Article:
History, Culture, and Home

Tag: Tunica County

Michael Deering

Helena, Arkansas About three years before the Civil War there was a famine so desperate that thousands of the Irish people came to the United States to earn a livelihood.  Among these people was a young man from the north of Ireland named Michael Deering.  He had been educated by the Catholic Church as a… Read More ›

Trotter’s Landing (Glendale)

The area of Southern Tunica County and Northern Coahoma County directly across from Helena is known as Trotter’s Landing.  Through the years, the region has been referred to as Glendale, Mississippi as well.  On an early map of Tunica County, there are several place names including Trotter’s landing, Trotter’s Point,  and State Levee.  This was… Read More ›

Dundee, Mississippi

Dundee was founded around 1885 in Southern Tunica County along the Yazoo and Missouri Valley Railroad.  Since J.B. Carnes owned most of the land in this area, the community was named Carnesille.  He gave land for the site of the first depot. The name was changed though because there was confusion with another community named… Read More ›

Dubbs, Mississippi

Dubbs was founded in 1873 and first known as Slab town.  Slab town drew it’s name because the buildings were made of slabs from the nearby saw mills.  The new name came from the hickory tree.  Children in the community called the twin nuts produced by the hickory trees dubbs, so the people decided to… Read More ›

Maud, Mississippi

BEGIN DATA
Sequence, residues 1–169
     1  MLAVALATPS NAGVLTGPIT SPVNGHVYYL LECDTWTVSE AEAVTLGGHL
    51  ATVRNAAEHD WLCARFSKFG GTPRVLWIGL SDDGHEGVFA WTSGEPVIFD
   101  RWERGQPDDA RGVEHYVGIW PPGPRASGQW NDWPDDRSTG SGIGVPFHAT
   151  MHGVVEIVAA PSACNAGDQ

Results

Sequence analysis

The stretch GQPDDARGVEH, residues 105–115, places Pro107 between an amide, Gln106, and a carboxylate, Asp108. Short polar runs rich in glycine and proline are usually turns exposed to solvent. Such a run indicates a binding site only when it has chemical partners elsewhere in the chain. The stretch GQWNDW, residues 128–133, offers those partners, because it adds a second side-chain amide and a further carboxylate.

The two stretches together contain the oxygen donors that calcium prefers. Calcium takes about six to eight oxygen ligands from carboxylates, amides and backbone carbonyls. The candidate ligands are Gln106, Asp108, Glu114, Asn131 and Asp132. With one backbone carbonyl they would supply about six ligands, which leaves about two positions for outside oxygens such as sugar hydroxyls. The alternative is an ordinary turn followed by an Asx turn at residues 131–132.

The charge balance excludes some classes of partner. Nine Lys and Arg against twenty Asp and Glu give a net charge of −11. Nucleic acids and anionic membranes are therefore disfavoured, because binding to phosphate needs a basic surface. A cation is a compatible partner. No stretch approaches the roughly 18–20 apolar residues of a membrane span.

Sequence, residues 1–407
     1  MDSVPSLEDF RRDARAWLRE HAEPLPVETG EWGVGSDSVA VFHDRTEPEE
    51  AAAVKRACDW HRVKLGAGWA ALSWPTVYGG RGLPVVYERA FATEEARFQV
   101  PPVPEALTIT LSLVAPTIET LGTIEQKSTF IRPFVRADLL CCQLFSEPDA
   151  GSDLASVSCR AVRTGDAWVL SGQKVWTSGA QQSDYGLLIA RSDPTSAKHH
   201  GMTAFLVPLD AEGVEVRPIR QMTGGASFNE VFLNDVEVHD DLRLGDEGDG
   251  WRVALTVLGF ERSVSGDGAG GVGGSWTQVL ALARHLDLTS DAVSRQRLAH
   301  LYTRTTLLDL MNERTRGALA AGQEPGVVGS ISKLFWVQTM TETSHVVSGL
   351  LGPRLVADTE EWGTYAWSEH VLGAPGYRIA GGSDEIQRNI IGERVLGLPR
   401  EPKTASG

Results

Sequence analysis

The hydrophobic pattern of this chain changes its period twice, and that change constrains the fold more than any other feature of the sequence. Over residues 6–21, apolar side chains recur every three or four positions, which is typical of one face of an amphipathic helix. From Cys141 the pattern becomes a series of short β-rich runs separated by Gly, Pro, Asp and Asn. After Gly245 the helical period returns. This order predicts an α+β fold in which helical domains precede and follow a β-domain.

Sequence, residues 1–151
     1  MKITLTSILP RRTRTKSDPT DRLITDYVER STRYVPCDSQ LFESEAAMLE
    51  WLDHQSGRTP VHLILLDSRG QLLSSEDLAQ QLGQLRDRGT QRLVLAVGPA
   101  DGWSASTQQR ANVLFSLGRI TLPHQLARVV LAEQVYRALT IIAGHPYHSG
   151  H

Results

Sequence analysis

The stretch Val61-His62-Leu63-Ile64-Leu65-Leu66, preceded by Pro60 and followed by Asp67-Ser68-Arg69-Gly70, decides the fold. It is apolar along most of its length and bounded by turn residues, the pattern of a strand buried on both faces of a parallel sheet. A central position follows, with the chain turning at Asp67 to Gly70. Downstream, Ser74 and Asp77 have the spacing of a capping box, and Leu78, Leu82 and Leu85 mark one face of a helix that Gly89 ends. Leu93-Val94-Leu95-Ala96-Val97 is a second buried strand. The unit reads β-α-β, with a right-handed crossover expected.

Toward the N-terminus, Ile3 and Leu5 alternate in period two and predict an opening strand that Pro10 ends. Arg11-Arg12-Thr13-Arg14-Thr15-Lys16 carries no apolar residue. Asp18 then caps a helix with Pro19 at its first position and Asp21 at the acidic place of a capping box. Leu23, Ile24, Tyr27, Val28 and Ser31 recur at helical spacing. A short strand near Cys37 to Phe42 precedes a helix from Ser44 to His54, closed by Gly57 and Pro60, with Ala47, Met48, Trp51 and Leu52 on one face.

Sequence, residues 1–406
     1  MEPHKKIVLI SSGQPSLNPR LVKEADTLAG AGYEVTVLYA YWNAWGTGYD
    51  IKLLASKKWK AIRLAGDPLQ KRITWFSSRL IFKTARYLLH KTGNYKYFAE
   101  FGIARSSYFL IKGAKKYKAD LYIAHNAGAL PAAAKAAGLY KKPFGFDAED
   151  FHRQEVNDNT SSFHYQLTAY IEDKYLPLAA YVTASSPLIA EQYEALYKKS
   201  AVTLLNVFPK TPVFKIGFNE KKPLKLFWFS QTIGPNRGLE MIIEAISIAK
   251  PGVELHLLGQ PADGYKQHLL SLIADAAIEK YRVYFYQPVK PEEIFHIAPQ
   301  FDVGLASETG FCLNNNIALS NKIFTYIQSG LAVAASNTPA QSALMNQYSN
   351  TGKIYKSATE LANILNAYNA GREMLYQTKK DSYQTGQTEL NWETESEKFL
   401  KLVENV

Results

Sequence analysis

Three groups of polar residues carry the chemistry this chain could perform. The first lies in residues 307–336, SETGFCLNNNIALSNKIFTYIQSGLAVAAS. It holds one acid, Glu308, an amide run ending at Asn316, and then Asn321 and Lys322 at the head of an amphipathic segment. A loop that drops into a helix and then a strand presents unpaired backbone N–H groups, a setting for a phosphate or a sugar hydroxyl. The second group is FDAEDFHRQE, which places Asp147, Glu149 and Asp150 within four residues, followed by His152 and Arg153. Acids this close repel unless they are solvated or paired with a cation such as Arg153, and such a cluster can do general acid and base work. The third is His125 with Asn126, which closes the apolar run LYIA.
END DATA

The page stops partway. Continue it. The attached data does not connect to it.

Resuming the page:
Maud was a flag stop on the Yazoo and Mississippi Valley Railroad about 8 miles south of Tunica.  It was originally called Busby when a post office was located there in 1899.  When it was found that there was already a post office called Busby, the place name was changed to Maud.  Maud was named… Read More ›

Dr. Johnson’s Home

Dr. and Miss Hal Glenn Johnson of Dundee built their home in the Old English rambling type architecture.  It was built of Klinker brick and is copied form an Old English home in England.  It had hand hewn timbers in the sun parlor and entrance that led to the living room.  The home was beautiful… Read More ›

The Burning of the Kate Adams 1

Taken from the St. Paul Daily Globe on December 24, 1888 Memphis, TN December 23: The elegant passenger steamer Kate Adams, running as a semi-weekly packet, between Memphis and Arkansas City, burned this morning near Commerce, Mississippi 40 miles south of this city.  She was en route to Memphis and had about 200 people aboard,… Read More ›

The Glory of the Past, Steam Boat Day

Taken from the Historical Records Project #2224, Mrs. Hattie Johnson, Mrs. Louise Richards, Mrs E.H. Craves: circa 1939,  I have added in some additions and corrections. Since Tunica County has a frontage of about sixty five miles on the Mississippi River, steamboats are a big part of her history. As many our older citizens recall… Read More ›

Cup of Grace

I had to come to Tunica today and was looking for a place to eat lunch. Wasn’t in the mood for a real big meal so I decided to stop by Cup of Grace. Since it was cold, I thought about a bowl of soup. Nothing like a warm bowl of soup, but the waitress… Read More ›

Tunica county in October

Tunica county in October is a busy place as the farmers are getting their crops out of the fields.  Soybeans, cotton, rice, and corn are being harvested.  Fields are quickly being burned afterward and cleared for the winter. Nothing like a Delta night overlooking the cotton bales. Erie but beautiful

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